The end was coming in different forms. On April 5, Hitler was shown more Zossen files; enraged anew, he ordered the liquidation of the Canaris group, and in the chaos of impending defeat the Nazis indulged in a final spasm of murder. Tietze, told to transfer Dohnanyi back to Sachsenhausen, arranged for Christine to see her husband one last time, and then sedated Hans heavily. The next day, when his “trial” took place, Hans was still drugged and only intermittently conscious, thus spared the offense of having to participate in this travesty of justice with its foreordained verdict and sentence. On April 9 he was carried on a stretcher to the place of his execution and hanged. Buchenwald was where Dietrich and other Gestapo prisoners had been taken. On April 3, as the guards heard the rumble of nearby American cannons, some of them took away a group of prisoners and drove them south to the concentration camp at Flossenbürg, where the Gestapo and SS had orders to obey and work to do no matter how close the enemy, how close their own defeat. Survivors of the macabre journey remembered Bonhoeffer’s calm, reassuring presence throughout.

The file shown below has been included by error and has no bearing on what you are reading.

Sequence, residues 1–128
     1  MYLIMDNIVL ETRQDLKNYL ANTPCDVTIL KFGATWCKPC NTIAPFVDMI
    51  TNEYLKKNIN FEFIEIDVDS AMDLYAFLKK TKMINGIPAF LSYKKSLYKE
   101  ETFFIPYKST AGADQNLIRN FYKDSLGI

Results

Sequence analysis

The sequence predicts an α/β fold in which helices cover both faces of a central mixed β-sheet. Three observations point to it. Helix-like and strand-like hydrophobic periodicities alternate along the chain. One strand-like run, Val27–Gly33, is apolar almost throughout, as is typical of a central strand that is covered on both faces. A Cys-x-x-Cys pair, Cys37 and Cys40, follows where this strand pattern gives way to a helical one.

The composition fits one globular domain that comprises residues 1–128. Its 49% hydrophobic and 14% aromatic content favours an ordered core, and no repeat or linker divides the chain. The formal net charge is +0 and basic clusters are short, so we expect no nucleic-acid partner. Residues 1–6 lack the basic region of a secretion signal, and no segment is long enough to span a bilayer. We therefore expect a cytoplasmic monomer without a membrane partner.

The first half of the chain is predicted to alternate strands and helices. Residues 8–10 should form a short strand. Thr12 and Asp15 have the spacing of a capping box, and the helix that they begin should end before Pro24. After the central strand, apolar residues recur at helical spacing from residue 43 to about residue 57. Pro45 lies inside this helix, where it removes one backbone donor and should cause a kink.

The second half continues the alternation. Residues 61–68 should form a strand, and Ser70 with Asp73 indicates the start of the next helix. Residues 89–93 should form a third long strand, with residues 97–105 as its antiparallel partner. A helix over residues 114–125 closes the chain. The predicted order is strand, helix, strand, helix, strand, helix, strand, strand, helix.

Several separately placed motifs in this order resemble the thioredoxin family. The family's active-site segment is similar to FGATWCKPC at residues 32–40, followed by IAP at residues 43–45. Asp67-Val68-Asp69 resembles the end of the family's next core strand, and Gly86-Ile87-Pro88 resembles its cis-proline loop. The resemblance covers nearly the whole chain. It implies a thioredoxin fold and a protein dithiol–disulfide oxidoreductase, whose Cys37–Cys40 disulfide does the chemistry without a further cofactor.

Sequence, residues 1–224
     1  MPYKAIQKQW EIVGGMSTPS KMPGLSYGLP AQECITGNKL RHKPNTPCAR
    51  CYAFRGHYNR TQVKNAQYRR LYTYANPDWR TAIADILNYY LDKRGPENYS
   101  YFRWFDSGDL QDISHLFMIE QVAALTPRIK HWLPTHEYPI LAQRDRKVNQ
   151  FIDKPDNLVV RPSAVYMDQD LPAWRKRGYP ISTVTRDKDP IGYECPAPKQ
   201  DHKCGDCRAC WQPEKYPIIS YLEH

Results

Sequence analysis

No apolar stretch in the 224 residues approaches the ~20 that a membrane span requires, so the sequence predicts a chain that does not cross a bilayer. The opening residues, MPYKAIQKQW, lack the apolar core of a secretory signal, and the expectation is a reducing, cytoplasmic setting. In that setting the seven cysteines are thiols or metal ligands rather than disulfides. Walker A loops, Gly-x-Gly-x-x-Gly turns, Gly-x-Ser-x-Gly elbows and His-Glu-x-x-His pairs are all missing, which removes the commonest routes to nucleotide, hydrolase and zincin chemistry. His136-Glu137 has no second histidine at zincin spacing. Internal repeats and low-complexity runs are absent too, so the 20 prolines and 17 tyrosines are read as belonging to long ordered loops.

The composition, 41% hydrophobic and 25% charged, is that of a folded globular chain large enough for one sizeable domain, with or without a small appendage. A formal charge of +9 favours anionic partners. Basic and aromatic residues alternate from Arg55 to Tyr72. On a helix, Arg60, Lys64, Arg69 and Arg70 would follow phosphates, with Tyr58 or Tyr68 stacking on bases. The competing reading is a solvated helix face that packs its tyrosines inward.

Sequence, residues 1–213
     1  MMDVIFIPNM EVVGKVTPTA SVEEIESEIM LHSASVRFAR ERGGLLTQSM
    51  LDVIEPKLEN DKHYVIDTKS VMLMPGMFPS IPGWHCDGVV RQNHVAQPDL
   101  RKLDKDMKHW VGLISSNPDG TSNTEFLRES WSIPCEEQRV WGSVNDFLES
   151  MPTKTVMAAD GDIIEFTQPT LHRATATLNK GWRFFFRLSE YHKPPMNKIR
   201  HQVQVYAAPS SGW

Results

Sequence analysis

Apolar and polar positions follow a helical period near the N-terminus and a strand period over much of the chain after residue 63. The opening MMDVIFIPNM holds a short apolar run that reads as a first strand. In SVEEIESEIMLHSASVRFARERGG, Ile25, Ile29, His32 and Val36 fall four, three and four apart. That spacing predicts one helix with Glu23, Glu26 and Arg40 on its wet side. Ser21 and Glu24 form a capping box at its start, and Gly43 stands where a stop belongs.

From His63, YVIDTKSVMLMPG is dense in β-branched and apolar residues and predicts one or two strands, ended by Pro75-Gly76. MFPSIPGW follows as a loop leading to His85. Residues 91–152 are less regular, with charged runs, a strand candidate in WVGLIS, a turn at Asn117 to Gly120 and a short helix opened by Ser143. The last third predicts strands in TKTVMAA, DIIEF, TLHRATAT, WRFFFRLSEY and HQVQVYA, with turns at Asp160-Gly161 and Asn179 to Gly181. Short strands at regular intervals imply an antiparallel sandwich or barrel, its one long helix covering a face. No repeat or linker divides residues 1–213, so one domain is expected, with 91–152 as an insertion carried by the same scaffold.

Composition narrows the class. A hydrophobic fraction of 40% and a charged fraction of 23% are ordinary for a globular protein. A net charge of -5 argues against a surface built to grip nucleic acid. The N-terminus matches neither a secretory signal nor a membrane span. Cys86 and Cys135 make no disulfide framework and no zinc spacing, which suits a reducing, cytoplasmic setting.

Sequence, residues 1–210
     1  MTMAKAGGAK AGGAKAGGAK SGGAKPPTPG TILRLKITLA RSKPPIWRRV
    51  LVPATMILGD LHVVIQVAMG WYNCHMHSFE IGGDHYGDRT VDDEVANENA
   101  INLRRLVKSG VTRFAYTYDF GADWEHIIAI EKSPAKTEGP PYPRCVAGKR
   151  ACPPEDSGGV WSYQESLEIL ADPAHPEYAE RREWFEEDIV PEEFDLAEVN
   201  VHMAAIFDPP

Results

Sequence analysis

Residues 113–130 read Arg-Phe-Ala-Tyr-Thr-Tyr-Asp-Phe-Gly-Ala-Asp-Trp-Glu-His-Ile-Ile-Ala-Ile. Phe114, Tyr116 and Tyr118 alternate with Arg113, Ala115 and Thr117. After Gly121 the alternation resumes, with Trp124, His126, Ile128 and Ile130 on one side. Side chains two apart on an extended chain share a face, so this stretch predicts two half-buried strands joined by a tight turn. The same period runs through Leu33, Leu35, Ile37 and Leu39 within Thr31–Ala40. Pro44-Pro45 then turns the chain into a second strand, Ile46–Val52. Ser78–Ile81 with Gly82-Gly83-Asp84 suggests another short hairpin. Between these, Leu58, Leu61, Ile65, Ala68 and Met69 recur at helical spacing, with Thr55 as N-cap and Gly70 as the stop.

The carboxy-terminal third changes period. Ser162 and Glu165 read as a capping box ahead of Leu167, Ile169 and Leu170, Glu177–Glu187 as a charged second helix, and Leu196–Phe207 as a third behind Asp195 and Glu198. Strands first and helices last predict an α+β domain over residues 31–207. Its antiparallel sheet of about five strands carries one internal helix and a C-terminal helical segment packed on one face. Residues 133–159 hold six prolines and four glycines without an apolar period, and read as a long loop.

more from Elisabeth Sifton and Fritz Stern at the NYRB here.